|Chronic heart failure||7.15 (2.06–24.78)||0.002||–||–|
|End-stage renal disease||0.77 (0.10–5.76)||0.796|
|COPD||7.42 (2.77–19.84)||< 0.001||–||–|
|Thyroid disease||2.89 (0.95–8.80)||0.062|
|Mycophenolate mofetil||0.05 (0–2.04 × 1017)||0.891|
|Cyclosporine||0.05 (0–3.90 × 107)||0.773|
|Recent pulse therapya||0.31 (0.04–2.31)||0.252|
|Average oral doseb||0.99 (0.93–1.06)||0.836|
Of note, in further analyses among different age strata, the risk of cervical hip fracture in women with lupus was elevated, starting at age 40 years (HR 3.25, 95% CI 1.02–10.37; P = 0.046) (Table 5). In contrast, the risk of cervical hip fracture in the female controls did not become apparent until age 50 years. Also, the risk of trochanteric hip fracture in both cohorts was also increased at age ≥50 years (data not shown).
|SLE, HR (95% CI)||Controls, HR (95% CI)|
|Age strata, years|
|40–49||3.25 (1.02–10.37)a||1.30 (0.08–20.83)|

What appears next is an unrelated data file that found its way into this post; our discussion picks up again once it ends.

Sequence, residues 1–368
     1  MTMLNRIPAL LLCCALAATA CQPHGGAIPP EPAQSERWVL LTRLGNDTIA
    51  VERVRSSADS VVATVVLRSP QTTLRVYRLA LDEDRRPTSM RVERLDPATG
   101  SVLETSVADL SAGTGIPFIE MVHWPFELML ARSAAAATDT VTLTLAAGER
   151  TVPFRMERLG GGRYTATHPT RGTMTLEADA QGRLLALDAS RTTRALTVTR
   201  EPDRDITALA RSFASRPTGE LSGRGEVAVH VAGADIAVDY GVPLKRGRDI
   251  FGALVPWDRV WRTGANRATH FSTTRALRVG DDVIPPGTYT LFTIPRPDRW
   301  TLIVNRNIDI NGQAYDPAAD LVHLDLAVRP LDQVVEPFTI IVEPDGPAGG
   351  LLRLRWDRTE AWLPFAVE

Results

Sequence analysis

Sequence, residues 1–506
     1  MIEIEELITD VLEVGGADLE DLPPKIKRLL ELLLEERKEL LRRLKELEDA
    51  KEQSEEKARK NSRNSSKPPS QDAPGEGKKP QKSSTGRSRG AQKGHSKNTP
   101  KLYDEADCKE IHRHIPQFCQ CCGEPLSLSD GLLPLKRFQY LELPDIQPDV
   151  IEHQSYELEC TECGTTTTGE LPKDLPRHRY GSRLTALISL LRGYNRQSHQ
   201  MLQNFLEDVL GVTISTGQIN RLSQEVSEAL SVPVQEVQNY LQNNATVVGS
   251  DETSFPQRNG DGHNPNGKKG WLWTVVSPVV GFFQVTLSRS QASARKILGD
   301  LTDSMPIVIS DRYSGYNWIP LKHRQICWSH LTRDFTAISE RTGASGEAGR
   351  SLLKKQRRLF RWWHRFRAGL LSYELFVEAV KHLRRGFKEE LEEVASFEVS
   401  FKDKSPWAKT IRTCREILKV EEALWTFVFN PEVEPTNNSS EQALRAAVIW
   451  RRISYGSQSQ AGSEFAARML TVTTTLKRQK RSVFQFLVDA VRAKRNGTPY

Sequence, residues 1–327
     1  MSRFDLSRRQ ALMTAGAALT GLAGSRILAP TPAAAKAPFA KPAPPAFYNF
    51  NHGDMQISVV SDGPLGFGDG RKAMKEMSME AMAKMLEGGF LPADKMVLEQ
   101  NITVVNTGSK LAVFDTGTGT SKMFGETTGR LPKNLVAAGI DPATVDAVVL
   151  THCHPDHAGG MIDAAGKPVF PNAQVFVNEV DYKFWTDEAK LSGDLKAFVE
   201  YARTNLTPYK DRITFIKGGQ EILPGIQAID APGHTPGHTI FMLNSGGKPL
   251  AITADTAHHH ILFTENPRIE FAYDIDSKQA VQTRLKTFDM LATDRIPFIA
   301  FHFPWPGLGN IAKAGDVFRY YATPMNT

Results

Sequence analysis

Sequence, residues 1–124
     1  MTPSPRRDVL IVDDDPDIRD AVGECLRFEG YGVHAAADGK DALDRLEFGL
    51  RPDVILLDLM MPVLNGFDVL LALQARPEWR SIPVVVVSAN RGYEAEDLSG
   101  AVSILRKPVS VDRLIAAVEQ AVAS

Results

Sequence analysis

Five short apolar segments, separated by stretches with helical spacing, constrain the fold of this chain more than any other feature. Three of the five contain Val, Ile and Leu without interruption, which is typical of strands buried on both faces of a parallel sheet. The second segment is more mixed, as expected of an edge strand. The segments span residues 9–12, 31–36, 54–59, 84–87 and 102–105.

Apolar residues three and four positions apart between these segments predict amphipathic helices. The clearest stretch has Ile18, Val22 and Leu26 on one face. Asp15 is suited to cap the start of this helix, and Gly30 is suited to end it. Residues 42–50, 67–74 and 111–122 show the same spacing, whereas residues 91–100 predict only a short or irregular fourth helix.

|≥50||14.64 (5.18–41.40)b||28.98 (3.86–217.74)a|
To our knowledge, our study is the first to describe the incidence rates of hip fractures among lupus patients. We found a 2-fold increase in hip fracture occurrence in our lupus cohort of 14,544 patients compared to the age- and sex-matched control cohort during a followup period of at least 6 years. Remarkably, the incidence rate of cervical, but not trochanteric, hip fracture was significantly higher in the lupus cohort than in controls. Moreover, our findings suggest that although the incidence of hip fractures increased with age, the lupus patients sustained cervical hip fractures at a younger age than controls. Only women with SLE carried a significantly higher hip fracture risk than controls.